By Gennifer Choldenko
Stars: 4 out of 5
I thoroughly enjoyed Choldenko’s unique premise (a kid moves to Alcatraz) and ultimate theme (dealing with a family member with autism). Everything about this book is fresh and new and the characters are three-dimensional – especially the main character, Matthew “Moose” Flanagan, who tries so hard to be good but we can see how circumstances can get beyond his control and how unfair it is to be a kid sometimes. The author must have done her homework to write so convincingly of the time period, from the descriptions of Alcatraz to the history of autism.
The format of a diary seemed a bit unwieldy and inappropriate. At the beginning, it served as a helpful reminder of the time period – probably most kids don’t know when Alcatraz was a functional prison, or when Al Capone was alive. After a while, I stopped noticing the diary-entry style and Choldenko seemed to drop that device, so the story flowed more smoothly.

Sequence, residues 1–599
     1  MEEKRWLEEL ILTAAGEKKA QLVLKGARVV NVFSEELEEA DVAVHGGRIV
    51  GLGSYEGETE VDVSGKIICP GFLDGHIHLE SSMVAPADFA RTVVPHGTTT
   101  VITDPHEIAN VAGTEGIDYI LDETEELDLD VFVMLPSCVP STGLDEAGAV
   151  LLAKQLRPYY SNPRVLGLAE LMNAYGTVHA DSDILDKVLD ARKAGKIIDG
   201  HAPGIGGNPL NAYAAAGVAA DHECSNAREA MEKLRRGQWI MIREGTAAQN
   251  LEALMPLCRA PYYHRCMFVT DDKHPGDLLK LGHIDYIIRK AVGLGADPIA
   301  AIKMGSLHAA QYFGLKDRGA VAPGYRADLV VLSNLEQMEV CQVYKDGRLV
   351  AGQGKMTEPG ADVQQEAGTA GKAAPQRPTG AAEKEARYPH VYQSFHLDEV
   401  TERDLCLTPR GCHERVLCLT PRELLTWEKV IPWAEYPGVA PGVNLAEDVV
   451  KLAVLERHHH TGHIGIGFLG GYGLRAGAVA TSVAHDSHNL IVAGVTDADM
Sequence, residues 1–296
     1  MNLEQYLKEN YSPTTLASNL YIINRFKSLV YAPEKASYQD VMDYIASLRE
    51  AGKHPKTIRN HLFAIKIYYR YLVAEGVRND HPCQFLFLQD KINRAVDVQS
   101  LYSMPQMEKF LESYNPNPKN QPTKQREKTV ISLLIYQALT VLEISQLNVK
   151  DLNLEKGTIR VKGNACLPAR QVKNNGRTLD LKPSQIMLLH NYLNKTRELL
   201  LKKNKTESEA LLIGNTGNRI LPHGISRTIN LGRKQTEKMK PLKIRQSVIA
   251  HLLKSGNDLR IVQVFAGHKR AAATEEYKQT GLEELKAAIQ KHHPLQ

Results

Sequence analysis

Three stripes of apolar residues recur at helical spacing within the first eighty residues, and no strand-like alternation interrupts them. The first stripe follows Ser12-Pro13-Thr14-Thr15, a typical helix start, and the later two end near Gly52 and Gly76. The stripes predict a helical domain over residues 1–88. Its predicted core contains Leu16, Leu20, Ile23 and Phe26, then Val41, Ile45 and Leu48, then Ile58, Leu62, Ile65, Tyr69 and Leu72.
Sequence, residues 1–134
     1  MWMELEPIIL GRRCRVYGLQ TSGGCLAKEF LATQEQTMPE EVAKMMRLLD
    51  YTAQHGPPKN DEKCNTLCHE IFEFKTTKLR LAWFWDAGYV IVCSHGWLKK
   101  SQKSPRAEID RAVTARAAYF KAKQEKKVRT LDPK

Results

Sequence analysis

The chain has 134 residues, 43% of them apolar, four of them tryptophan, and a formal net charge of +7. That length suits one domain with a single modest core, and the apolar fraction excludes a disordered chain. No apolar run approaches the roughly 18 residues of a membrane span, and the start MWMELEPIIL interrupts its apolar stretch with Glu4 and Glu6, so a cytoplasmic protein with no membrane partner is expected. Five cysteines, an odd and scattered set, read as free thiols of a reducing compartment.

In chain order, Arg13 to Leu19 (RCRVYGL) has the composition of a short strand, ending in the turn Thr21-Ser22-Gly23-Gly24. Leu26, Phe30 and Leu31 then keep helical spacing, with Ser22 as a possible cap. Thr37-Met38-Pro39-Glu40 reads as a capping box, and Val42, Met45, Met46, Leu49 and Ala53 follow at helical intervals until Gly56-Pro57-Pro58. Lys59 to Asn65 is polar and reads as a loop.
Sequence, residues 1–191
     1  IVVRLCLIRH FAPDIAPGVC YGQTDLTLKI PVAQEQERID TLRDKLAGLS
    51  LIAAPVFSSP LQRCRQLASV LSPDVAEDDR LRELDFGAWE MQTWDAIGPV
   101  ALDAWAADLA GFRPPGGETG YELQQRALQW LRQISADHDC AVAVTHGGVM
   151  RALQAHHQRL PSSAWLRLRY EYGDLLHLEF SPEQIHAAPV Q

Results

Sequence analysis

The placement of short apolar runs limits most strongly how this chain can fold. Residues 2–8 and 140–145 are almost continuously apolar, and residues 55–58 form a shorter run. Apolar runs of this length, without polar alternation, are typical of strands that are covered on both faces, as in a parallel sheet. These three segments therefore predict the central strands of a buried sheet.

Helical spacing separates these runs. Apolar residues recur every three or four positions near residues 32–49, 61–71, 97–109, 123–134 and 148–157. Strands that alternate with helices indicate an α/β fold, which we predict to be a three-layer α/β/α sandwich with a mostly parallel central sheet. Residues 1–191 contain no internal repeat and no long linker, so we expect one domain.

The historical blending of autism research was also fascinating. There seems to be so much understanding about autism today that I take for granted, so at times it was a bit jolting for the main character’s sister, Natalie, to be treated the way she was. Kids familiar with people with autism will recognize it right away, even though the narrator can’t use the word because it hasn’t been coined yet.
Overall: touching, sweet, inventive, and realistic.